Picture yourself as the youngest person at a 95th birthday party in a retirement community. Now ignore the canes and walkers, speak a little louder than usual and bend down a little so you can hear the soft, age-weakened-voices that began talking long before World War II. Around you are fifteen tables collectively filled with centuries of wisdom and life experience. As you become acquainted with the partygoers and learn of their accomplishments, challenges, quick wit and travel experiences in countries that no longer exist, you realize you are at one of the most interesting and fun birthday parties you have ever attended.
The person of honor, Hal, is a budding watercolor artist that paints his own Christmas cards each year. He is also a retired research physicist with a book full of patents and the purest intellectual curiosity you could ever imagine. He’s a soft-spoken, thoughtful man that naturally shows respect for the thoughts and opinions of others. His respectful discourse is sincere and not driven by political correctness; he’s just being what he has always been, a gentleman. And despite being 95 years old he moves with a light, lively gait that this fifty-six year old envies.
Hal remembers when lamplighters walked the streets of Buffalo at dusk, vendors delivered goods by horse drawn cart and the piers and train yards buzzed with activity before the St. Lawrence Seaway opened. He can tell you what it was like to develop radar at MIT for the War Effort in the forties and how he came up with a simple solution that resolved the electrical problem GE was having with the “Flip Flash”. Hal remembers when transistors were the hot new technology; the “Ping Putter” was just a friend’s interesting idea and when air travel was comfortable.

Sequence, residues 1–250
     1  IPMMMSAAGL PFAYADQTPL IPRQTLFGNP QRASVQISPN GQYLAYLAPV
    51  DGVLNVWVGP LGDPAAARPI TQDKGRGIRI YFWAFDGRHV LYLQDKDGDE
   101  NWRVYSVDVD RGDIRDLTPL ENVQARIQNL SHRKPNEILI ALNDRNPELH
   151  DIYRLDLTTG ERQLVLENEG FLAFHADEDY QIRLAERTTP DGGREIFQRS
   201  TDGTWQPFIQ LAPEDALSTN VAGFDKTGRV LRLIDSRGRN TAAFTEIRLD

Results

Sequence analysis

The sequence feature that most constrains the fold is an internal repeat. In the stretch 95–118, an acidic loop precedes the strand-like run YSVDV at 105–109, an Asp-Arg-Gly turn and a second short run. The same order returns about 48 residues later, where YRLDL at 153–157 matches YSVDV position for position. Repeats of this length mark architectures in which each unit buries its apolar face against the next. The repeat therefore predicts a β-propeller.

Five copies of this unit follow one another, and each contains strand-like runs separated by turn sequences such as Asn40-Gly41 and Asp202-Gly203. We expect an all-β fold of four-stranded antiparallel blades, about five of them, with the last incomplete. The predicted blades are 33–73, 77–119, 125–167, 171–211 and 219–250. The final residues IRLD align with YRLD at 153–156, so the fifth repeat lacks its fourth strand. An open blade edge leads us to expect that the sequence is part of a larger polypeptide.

About a week ago Hal gave a talk on marijuana at the community’s lecture series, Timely Topics. As a scientist and researcher he approached the subject looking for the truth and shared with me how the study of marijuana (cannabis) was railroaded by politics and personal gain. Early in our country’s history marijuana was grown not only for the making of hemp rope but it was also used to produce quality paper products and clothing. George Washington farmed marijuana and rumors are the first Declaration of Independence was written on hemp paper. But in the 1930’s business giants, Andrew Mellon, the DuPont family and William Randolph Hearst were all interested in seeing the Hemp industry go away. Hearst had invested large sums of money in the making of paper via tree pulp, not hemp, so he was more than happy to publish articles on the fictional demonic powers of marijuana. Most people that read the articles did not know the information was inaccurate, false or fabricated for personal gain. Later all those articles were bound and given to our political leaders to use as reference materials.
In 1937 our political leaders passed the Marijuana Tax Act that made it illegal to produce cannabis and hemp. Since 1942 it has been nearly impossible to do professional (not personal) research on marijuana to determine its true benefits and risks. Intrigued by his broad knowledge of the subject I asked this 95-year-old how he learned so much about the history of marijuana, he responded like a twenty year old, “the internet”.
Since Hal is well read and traveled I asked him what his most interesting travel experience was. Without hesitation he answered, “Our 1986 photo safari to Kenya. We saw animals, mountains, and people that were so exotic. But I guess that is what we hoped to see and that’s why we went.”
Hal shot forty rolls of Kodachrome on that trip and recently had the slides transferred to a CD. Sadly he was disappointed with the quality of work; the slides were not blown clean of dust and lint prior to copying, the colors were flat and the contrast was not adjusted. So the last night I was in town I downloaded the jpegs and did what I could to bring back the colors of Africa as Hal remembered them. The photos you see in this post are all Hal’s, the young 95-year-old birthday boy. I hope you enjoy them!